1. Battery Test

The battery needs to be a fully charged battery and load-tested to ensure proper readings. If you are not working with a fully charged and functional battery, all other voltage tests will be incorrect. Most places like Auto Zone, Advance Auto, and Pep Boys will charge and test motorcycle batteries for free. Standing battery Voltage should be 12.5-13.2 DCV.

2. Charging System Voltage Test

Start motorcycle, measure DC Volts across the battery terminals (you should have a reading of approximately 13.2-15 DC Volts).

3. Check Connections/Wires

Inspect the regulator/stator plug, and check the battery terminals for connection/corrosion. If everything seems to be in order, move on to NO. 4 below to determine if there’s a failed component.

4. Stator Checks/Rotor Check

Each of the following tests isolate the stator and rotor. If the AC Output test fails and Resistance Check and Stator IB Test pass, then the rotor is at fault (Pull primary covers and inspect rotor for damage).

AC Output Check:

  1. Unplug the regulator plug from the stator.
  2. Start motorcycle and change Voltmeter to AC volts.
  3. Probe both stator wires with your meter leads.
  4. The motorcycle should be putting out approximately 18-20 ACV per 1,000 rpm. (Reading will vary depending on system, check service manual specifications)
  5. Generic Specs:
  • 22 amp system produces about 19-26 VAC per 1,000 rpm
  • 32 amp system produces about 16-20 VAC per 1,000 rpm
  • 45 amp system produces about 19-26 VAC per 1,000 rpm

Stator Resistance Check:

  1. Switch your multi-meter to Ohm x 1 scale.
  2. Probe each stator wire with meter leads and check resistance on meter.
  3. Resistance should be in the range of 0.1-0.5 Ohms. (Reading will vary depending on system, check service manual for specification)
  4. Generic Specs:
  • 22 amp system produces about 0.2 to 0.4 ohms
  • 32 amp system produces about 0.1 to 0.2 ohms
  • 45 amp system produces about 0.1 to 0.2 ohms

Stator IB test or Ground Check:

  1. Switch your multi-meter to Ohm x 1 scale.
  2. Probe each stator wire with your positive lead on multi-meter and the negative to ground.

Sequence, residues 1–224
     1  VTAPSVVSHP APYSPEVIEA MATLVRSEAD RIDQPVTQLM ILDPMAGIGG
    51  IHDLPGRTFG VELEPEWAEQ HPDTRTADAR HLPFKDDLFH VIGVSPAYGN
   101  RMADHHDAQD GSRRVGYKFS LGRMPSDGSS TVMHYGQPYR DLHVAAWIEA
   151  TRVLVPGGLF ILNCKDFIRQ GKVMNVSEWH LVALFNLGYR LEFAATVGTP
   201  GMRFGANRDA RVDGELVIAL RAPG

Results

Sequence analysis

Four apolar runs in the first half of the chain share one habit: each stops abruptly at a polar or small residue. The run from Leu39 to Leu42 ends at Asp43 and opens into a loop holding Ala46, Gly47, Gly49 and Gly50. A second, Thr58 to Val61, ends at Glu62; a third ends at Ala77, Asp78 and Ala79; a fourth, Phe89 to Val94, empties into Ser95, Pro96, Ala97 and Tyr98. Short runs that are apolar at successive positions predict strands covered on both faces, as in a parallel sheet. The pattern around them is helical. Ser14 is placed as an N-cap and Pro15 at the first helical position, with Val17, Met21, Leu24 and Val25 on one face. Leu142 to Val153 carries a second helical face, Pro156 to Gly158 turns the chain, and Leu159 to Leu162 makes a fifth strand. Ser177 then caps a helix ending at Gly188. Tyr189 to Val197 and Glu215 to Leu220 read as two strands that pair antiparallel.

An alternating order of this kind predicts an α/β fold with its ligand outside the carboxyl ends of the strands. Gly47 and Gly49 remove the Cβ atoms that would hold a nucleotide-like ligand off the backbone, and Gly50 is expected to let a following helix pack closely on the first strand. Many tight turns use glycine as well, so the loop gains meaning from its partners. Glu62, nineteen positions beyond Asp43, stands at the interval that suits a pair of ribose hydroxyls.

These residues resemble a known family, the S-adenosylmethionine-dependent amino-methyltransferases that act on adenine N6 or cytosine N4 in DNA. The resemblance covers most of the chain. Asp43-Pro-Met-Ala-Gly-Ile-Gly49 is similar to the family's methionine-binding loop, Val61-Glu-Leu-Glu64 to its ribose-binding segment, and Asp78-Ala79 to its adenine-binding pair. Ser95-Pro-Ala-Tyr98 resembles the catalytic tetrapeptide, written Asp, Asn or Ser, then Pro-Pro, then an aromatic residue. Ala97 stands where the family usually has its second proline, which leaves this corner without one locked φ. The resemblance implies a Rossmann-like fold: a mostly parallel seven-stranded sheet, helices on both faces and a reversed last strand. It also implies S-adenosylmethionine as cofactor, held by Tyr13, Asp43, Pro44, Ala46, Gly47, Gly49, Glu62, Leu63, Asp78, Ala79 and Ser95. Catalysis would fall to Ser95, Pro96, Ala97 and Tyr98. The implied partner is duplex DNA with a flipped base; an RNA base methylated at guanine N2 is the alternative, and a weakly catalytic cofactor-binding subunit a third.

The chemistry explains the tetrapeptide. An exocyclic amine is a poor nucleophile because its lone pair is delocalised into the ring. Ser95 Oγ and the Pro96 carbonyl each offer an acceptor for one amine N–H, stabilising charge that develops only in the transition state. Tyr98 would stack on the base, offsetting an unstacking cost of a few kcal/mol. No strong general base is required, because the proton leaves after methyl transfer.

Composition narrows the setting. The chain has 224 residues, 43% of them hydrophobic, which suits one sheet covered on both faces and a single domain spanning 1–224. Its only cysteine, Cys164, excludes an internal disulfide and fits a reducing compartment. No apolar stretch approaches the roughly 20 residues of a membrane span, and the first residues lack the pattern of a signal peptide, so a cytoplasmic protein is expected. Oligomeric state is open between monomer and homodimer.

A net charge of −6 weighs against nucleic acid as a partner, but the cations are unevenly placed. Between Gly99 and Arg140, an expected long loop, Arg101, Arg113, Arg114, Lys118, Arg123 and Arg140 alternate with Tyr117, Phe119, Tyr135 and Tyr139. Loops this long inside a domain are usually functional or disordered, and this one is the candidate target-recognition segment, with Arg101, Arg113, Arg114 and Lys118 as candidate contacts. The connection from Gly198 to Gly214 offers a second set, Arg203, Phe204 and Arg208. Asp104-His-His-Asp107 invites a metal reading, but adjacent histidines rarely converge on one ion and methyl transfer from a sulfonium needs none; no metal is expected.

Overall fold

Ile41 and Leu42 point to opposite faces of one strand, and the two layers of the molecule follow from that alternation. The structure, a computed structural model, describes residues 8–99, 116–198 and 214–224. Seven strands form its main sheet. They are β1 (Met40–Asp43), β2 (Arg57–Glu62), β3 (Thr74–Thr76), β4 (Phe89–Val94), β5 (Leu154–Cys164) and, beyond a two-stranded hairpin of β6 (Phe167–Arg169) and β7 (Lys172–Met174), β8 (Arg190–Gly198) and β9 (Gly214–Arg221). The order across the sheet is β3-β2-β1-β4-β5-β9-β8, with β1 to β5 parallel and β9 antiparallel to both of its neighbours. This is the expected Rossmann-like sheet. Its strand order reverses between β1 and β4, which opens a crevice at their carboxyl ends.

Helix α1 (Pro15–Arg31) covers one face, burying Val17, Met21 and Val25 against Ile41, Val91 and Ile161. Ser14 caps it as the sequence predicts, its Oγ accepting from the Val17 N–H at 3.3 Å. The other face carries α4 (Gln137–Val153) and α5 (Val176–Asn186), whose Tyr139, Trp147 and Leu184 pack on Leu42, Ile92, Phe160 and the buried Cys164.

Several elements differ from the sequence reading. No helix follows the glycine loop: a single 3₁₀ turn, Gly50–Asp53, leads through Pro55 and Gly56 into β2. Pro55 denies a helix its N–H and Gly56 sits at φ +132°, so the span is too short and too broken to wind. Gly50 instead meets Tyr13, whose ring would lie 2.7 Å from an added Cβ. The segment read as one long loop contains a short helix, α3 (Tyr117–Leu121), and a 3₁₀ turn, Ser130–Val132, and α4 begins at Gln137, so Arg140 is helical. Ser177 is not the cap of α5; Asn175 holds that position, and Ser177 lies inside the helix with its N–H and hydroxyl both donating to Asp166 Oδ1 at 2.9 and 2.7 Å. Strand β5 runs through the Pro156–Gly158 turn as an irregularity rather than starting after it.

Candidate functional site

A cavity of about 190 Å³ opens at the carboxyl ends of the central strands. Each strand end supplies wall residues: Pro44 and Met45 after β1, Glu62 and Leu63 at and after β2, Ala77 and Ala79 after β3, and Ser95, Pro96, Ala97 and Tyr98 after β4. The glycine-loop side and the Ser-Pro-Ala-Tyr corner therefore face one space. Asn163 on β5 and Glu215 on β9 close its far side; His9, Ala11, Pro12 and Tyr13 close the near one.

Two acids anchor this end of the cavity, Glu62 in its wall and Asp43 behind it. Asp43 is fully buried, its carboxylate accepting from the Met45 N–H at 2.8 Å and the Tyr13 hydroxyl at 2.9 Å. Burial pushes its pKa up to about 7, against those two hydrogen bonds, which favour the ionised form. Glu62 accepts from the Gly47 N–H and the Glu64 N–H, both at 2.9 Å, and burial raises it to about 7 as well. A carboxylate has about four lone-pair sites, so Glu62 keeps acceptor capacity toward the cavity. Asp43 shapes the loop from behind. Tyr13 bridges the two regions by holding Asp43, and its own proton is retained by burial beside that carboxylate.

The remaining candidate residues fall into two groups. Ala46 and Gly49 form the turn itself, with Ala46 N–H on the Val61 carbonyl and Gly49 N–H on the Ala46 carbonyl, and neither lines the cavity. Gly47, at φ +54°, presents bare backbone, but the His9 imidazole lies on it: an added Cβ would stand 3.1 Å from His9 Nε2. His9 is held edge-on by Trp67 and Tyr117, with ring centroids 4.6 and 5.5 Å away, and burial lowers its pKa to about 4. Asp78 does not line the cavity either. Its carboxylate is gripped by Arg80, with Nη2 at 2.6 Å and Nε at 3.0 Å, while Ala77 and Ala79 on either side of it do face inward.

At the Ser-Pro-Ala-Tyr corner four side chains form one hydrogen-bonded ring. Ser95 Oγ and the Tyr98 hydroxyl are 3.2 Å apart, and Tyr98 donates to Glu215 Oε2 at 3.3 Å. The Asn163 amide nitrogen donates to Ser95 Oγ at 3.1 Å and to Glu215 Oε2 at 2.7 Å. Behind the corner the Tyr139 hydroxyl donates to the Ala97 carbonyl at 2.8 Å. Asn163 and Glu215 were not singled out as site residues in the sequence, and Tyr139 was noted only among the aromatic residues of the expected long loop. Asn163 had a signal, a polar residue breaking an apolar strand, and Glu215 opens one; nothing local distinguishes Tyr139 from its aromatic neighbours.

3. There should be no continuity to ground on either wire.
  4. If there is continuity to ground, your stator is shorted to ground.

5. Regulator Test:

Each of the following tests isolates the regulator only, so if any of these tests fail, the regulator is at fault.

Identifying Wires:

  1. Battery Charge Lead– Wire going from regulator to battery positive.
  2. AC output leads– Wires coming from the stator to regulator.
  3. Ground– Wire from regulator to ground or regulator may be grounded via the physical bolting to chassis.
  • Regulator Ground Test: Ensure the regulator body is grounded or grounding wire is fastened tight to a good ground (you should verify this by checking continuity from regulator body to chassis ground).
  • Fwd/Reverse Bias Test/Diode Test: This check is for testing the diode function to ensure it is regulating the AC current for the stator into DC current.
  1. Switch multi-meter to Diode Scale.
  2. Place your multi-meter positive lead on each AC output wire.
  3. Place your multi-meter negative lead on the battery Charge wire.
  4. The meter should read voltage typically around .5 volts.
  5. Next, switch your multi-meter leads putting the negative lead on the AC output wires and the positive lead on the Battery Charge Wire.
  6. The reading should be infinite.
  7. With your meter on the same setting, place your multi-meter positive lead on the regulator ground wire or to the regulator directly, and then place your meter negative lead on the AC output leads.
  8. The meter should read typically around .5 volts.
  9. Next, switch your multi-meter leads putting the negative lead on the regulator ground and the positive lead on the AC output wires.
  10. The reading should be infinite.
  11. Note: Below is a table to show the readings:

Replacement Components

New Harley Code Reader tool

Batteries

Alternators and charging systems